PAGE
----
New York’s famed Irish pub Paddy Reilly’s will carry on after March 31 thanks to new leaseholders who plan on sprucing up its Second Avenue and 29th Street location and continuing its tradition of showcasing live Irish music. 

Whether the bar will continue to be called Paddy Reilly’s, however, is still to be determined. The new leaseholders as of April 1, Desi Murray and Joshua Irwin, told a meeting of New York’s Community Board 6 last week that if the name isn’t Paddy Reilly’s, it “will be something very recognizably similar.”  

As the Irish Voice, sister publication to IrishCentral, reported last month, Paddy Reilly’s was set to shut its doors for good at the end of March after 36 years in operation. Steve Duggan, who opened the location with Irish balladeer Paddy Reilly, said the lease wasn’t being renewed and that he planned to celebrate the last days of his bar with a St. Patrick’s Day party every night in March. 

On January 26, Murray and Irwin appeared via Zoom before the Manhattan Community Board 6 Business Affairs and Licensing Committee which reviews applications for liquor licenses granted by the New York State Liquor Authority. The approval was granted unanimously.

Murray, a native of Donegal, has managed Paddy Reilly’s for the past two years. Prior to that, he was a manager of the Joshua Tree on Third Avenue for several years. Irwin is an attorney who owns his own practice and lives a block away from Paddy Reilly’s. 

Irwin told members of the committee that he and his wife, who will handle marketing for the new business, “love the place. We’ve been going there for years.” They were “floored,” when they heard it was due to close next month, and “when we had the opportunity to swoop in, we did.”

The plans Murray and Irwin have for Paddy Reilly’s going forward will stay true to what has worked so well for the past 36 years, they stressed. Live music will continue to be a staple, lite food choices will be available, and the operating hours will remain 11 am until 4 am. They have hired a contractor who will paint, do minor restorations, and “change almost nothing,” Irwin stated. 

“It doesn’t need a gut demolition. It needs a hug,” he added. 

When asked by a committee member if the name Paddy Reilly’s will remain, Irwin said, “We are working on that. That is our intention.” He added that the Paddy Reilly, the balladeer who the pub is named after, has never “enforced” a trademark over the rights to his name.

Duggan, a native of Co. Cavan and a well-known figure in New York’s Irish music and pub scene, told the Irish Voice on Tuesday that he is “very happy and delighted” that 519 Second Avenue would continue as an Irish music bar after his lease ends on March 31. He said he would be meeting with Murray and Irwin to “iron out” some outstanding issues in the next few days.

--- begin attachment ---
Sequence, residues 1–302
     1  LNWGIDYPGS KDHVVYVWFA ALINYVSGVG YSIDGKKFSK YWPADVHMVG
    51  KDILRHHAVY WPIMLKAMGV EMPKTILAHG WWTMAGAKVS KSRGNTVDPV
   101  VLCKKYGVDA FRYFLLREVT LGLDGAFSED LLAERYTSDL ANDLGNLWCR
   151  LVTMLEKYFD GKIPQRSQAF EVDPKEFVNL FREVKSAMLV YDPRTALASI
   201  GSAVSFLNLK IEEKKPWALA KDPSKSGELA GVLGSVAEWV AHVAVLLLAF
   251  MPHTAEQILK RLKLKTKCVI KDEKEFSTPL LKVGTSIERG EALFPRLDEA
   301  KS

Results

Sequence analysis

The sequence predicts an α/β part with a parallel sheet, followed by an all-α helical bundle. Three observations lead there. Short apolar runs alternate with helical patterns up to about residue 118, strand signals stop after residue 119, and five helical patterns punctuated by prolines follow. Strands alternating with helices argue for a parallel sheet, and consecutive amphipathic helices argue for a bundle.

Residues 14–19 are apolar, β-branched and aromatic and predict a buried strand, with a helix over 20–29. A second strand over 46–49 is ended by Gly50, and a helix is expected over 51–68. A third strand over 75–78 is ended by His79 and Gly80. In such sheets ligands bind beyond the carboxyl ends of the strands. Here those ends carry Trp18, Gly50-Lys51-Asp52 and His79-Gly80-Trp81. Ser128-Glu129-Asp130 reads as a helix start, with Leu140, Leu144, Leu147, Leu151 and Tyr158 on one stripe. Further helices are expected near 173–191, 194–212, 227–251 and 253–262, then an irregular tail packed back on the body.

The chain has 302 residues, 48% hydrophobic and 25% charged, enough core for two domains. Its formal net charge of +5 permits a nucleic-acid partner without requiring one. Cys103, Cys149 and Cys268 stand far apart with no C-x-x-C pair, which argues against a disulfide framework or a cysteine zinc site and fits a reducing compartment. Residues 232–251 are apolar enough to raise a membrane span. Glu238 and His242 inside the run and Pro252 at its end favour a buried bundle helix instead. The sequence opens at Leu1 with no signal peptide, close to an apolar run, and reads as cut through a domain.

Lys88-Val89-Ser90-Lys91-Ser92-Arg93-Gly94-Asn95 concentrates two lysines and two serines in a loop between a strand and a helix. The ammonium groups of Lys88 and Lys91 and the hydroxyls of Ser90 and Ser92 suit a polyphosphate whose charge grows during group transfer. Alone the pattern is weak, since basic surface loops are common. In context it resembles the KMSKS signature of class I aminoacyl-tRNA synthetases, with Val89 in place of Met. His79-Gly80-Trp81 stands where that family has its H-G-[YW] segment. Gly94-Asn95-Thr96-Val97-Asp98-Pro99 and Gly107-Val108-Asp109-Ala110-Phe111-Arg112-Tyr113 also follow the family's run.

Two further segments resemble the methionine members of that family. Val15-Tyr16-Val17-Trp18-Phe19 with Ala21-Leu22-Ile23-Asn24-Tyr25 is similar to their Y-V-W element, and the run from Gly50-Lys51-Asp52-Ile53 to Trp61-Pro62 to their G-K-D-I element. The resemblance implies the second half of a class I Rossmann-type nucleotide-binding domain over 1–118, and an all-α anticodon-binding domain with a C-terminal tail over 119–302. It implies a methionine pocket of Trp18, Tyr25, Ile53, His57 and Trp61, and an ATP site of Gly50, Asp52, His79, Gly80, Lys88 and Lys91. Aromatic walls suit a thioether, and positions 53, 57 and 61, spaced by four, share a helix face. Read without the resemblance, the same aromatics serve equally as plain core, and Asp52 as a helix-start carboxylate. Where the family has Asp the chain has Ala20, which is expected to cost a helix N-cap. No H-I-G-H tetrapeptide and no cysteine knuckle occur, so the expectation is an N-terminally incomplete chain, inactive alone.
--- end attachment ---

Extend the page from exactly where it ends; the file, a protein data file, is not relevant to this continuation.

Under Duggan’s stewardship, Paddy Reilly’s became the go-to pub for live Irish music and one of the best pints of Guinness in New York. Notables such as Jimmy Fallon, Christy Turlington, and Brad Pitt have walked through its doors, and the bar was a launching pad for many Irish bands such as Black 47. 

“This is one of my favorite places to come hang and one of the best Guinnesses in the city,” Fallon said on a 2019 broadcast of his late-night chat show which he filmed in Paddy’s with UFC star Conor McGregor. 

“Of course, I’m saddened,” Duggan told the Irish Voice last month when discussing the closure of Paddy Reilly’s. “But I’ve been there for 36 years and I got a good run for my money. I used to own the building, but then I sold it and leased Paddy Reilly’s from the new owners. It’s really been an incredible time.”

For his last month as leaseholder, Duggan said he “absolutely” plans to hold St. Patrick’s Day parties every night of the 31 days in March. 

The committee members who Murray and Irwin spoke with last week were pleased that the business would continue as a neighborhood favorite. 

“Thanks for keeping the Paddy’s spirit alive,” member Kevin O’Keefe said. 

*This column first appeared in the February 1 edition of the weekly Irish Voice newspaper, sister publication to IrishCentral.